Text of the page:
Finally, the capital goods industry can hope to breathe easy.
The Budget aims at enhancing capex by a remarkable 34.5% to INR 5.54 lakh crore. Besides, it envisages as much as INR 2 lakh crore of support to states and local bodies for bolstering their capex plans. This reprioritization of public spending towards infrastructure investment is slated to catalyze the much-needed demand expansion for the capital goods industry that has seen a rather long winter of slowdown.
Roads, new Economic Corridors, Railways, Metro, Urban and Rural infrastructure have all got keen focus in the Budget. In Railways alone, FICCI Capital Goods Committee report on Opportunities for Capital Goods Industry with Indian Railways and Metros, released last year, highlighted the vast opportunities for the capital goods sector under the ambitious construction projects, such as high-speed rail and dedicated freight corridors. These provide new business opportunities for the Indian industry. The report identified specific manufacturing opportunities worth INR 28,000 crore for the industry across various areas such as rolling-stock manufacturing, sub-assembly or component manufacturing, machinery and tool manufacturing, and project execution. A new stressed assets resolution mechanism, disinvestment, and strategic sale of select state-owned enterprises and sustained focus on Atmanirbhar Bharat are all medium to long-term steps that would directly and indirectly trigger investment cycle and help create larger capital goods demand in the economy.
We have also seen rationalisation of tariffs in key raw materials namely, metals for the Capital goods sector. Tariff of 7.5% on semis, flat, and long products of non-alloy, alloy, and stainless steels, exemption of duty on steel scrap for a period up to 31 March 2022, removal of anti-dumping duty and countervailing duty on raw materials used in manufacture of CRGO steel, reduction of duty on copper scrap from 5% to 2.5%, will help in providing level playing field for the industry. The Capital Goods Sector can also hope to benefit from the review of numerous exemptions. The budget proposed to review more than 400 old custom-duty exemptions this year through extensive consultations, and from 01 October 2021, a new revised customs duty structure, free of distortions be in place. More importantly, many of these exemptions became perpetual in nature, which encourage imports of capital goods at concessional duty. Budget suggested, any new customs duty exemption henceforth will have validity up to 31 March following two years from the date of its issue. This will also hopefully provide level playing field to the domestic capital goods sector. Besides reviewing these exemptions, FICCI has been suggesting to also review certain FTAs that have resulted into duty distortions for the capital goods sector. In some cases, FTAs have resulted in duty inversion for capital goods sector where raw materials/components are imported at certain duty whereas the related capital good is at zero duty.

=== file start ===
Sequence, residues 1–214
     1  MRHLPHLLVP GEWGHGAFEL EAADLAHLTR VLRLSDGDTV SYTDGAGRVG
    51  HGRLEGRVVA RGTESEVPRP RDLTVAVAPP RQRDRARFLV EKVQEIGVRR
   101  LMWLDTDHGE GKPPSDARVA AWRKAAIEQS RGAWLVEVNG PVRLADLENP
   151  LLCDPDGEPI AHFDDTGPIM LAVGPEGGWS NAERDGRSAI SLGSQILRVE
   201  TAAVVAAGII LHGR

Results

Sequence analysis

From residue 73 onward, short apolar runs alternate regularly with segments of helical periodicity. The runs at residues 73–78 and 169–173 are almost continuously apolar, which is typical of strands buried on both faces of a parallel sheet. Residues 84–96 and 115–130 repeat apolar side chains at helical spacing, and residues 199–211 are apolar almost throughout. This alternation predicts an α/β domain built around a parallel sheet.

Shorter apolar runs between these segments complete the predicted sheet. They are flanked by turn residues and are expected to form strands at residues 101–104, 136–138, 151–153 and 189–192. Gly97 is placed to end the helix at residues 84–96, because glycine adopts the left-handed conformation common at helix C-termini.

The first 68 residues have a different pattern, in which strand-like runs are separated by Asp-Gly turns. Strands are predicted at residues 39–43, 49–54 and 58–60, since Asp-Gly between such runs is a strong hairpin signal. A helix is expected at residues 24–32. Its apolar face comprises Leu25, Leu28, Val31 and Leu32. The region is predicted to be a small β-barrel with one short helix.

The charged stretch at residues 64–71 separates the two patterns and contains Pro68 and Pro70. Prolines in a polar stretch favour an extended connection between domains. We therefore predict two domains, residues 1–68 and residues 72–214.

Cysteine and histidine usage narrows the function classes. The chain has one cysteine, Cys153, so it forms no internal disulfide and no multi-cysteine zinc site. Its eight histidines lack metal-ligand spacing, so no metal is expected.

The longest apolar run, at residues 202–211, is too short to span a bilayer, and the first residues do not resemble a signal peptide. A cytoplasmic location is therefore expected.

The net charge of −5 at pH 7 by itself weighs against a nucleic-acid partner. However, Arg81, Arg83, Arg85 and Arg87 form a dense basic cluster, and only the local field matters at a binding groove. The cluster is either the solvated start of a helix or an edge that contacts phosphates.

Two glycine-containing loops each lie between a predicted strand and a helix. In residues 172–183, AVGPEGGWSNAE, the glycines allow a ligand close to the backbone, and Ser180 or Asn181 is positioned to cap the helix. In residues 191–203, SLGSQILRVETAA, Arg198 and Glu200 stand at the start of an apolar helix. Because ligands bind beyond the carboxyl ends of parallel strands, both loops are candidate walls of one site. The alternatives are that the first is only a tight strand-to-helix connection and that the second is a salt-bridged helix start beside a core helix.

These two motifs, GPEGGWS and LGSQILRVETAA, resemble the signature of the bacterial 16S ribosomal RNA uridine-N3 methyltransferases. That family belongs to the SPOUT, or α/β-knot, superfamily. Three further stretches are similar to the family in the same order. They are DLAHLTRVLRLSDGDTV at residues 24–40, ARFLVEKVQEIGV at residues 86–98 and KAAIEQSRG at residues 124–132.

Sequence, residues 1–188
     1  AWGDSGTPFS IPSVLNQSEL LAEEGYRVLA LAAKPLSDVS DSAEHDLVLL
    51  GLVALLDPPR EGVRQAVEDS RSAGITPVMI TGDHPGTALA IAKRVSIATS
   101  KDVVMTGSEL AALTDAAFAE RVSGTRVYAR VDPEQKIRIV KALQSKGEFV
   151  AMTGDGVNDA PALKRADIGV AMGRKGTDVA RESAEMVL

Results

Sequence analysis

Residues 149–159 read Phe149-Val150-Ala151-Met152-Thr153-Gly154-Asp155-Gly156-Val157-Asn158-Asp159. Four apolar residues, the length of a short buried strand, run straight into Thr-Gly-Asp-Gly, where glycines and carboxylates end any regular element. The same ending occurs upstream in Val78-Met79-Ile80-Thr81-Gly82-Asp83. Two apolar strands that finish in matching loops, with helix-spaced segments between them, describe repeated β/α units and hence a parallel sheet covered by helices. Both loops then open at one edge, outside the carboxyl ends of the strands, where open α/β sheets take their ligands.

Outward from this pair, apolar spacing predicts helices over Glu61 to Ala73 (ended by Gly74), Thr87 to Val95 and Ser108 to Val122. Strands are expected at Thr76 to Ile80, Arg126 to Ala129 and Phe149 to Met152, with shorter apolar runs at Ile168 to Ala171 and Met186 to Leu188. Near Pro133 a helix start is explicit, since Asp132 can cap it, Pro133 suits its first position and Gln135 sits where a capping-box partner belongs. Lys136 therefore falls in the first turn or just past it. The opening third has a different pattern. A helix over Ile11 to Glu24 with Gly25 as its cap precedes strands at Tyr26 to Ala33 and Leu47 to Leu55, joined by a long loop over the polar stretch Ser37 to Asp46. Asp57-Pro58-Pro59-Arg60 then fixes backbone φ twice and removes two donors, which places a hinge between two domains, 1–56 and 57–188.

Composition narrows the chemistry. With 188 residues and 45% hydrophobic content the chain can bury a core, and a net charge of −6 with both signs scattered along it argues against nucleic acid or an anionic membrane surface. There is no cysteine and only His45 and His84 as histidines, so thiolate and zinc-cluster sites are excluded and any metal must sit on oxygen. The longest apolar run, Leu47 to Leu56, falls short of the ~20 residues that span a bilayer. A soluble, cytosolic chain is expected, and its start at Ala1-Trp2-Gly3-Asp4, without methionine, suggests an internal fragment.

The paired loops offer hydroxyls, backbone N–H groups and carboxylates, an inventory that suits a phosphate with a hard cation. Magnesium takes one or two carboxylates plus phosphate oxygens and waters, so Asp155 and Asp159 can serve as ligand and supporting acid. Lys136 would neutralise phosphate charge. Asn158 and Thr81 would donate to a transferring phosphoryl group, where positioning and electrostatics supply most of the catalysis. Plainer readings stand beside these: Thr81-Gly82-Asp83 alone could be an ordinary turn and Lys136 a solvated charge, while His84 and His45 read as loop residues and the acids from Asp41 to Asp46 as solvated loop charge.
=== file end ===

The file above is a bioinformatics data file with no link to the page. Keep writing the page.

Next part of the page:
However, the key lies in time-bound and effective implementation of major infrastructure projects across sectors, and we hope the resolve inherent in Budget 2021 will help accelerate ground momentum.
The author is Chair, FICCI Capital Goods Committee.